ELPS.c.3F ask and give information ranging from using a very limited bank of high-frequency, high-need, concrete vocabulary, including key words and expressions needed for basic communication in academic and social contexts, to using abstract and content-based vocabulary during extended speaking assignments
ELPS.c.3G express opinions, ideas, and feelings ranging from communicating single words and short phrases to participating in extended discussions on a variety of social and grade-appropriate academic topics
ELPS.c.3H narrate, describe, and explain with increasing specificity and detail as more English is acquired
ELPS.c.3I adapt spoken language appropriately for formal and informal purposes
ELPS.c.3J respond orally to information presented in a wide variety of print, electronic, audio, and visual media to build and reinforce concept and language attainment.
ELPS.c.4 The ELL reads a variety of texts for a variety of purposes with an increasing level of comprehension in all content areas. ELLs may be at the beginning, intermediate, advanced, or advanced high stage of English language acquisition in reading. In order for the ELL to meet grade-level learning expectations across the foundation and enrichment curriculum, all instruction delivered in English must be linguistically accommodated (communicated, sequenced, and scaffolded) commensurate with the student's level of English language proficiency. For Kindergarten and Grade 1, certain of these student expectations apply to text read aloud for students not yet at the stage of decoding written text. The student is expected to:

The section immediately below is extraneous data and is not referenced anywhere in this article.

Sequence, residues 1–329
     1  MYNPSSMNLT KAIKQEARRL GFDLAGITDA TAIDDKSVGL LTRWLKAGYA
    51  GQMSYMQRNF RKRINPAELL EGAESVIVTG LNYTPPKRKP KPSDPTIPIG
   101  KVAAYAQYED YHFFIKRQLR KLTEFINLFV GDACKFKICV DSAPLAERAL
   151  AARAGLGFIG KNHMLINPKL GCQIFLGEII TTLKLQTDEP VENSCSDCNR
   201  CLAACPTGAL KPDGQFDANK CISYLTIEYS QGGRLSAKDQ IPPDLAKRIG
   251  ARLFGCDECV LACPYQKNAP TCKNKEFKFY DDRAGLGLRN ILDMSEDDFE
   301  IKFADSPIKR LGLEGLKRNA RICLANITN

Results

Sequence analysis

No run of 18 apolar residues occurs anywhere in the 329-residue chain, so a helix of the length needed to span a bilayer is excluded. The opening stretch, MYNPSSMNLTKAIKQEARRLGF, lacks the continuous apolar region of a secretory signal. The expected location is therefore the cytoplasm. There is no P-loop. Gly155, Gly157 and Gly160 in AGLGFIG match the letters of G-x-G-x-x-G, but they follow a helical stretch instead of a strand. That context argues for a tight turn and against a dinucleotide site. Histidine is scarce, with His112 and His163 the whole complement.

ELPS.c.4A learn relationships between sounds and letters of the English language and decode (sound out) words using a combination of skills such as recognizing sound-letter relationships and identifying cognates, affixes, roots, and base words
ELPS.c.4B recognize directionality of English reading such as left to right and top to bottom
ELPS.c.4C develop basic sight vocabulary, derive meaning of environmental print, and comprehend English vocabulary and language structures used routinely in written classroom materials
ELPS.c.4D use prereading supports such as graphic organizers, illustrations, and pretaught topic-related vocabulary and other prereading activities to enhance comprehension of written text
ELPS.c.4E read linguistically accommodated content area material with a decreasing need for linguistic accommodations as more English is learned
ELPS.c.4F use visual and contextual support and support from peers and teachers to read grade-appropriate content area text, enhance and confirm understanding, and develop vocabulary, grasp of language structures, and background knowledge needed to comprehend increasingly challenging language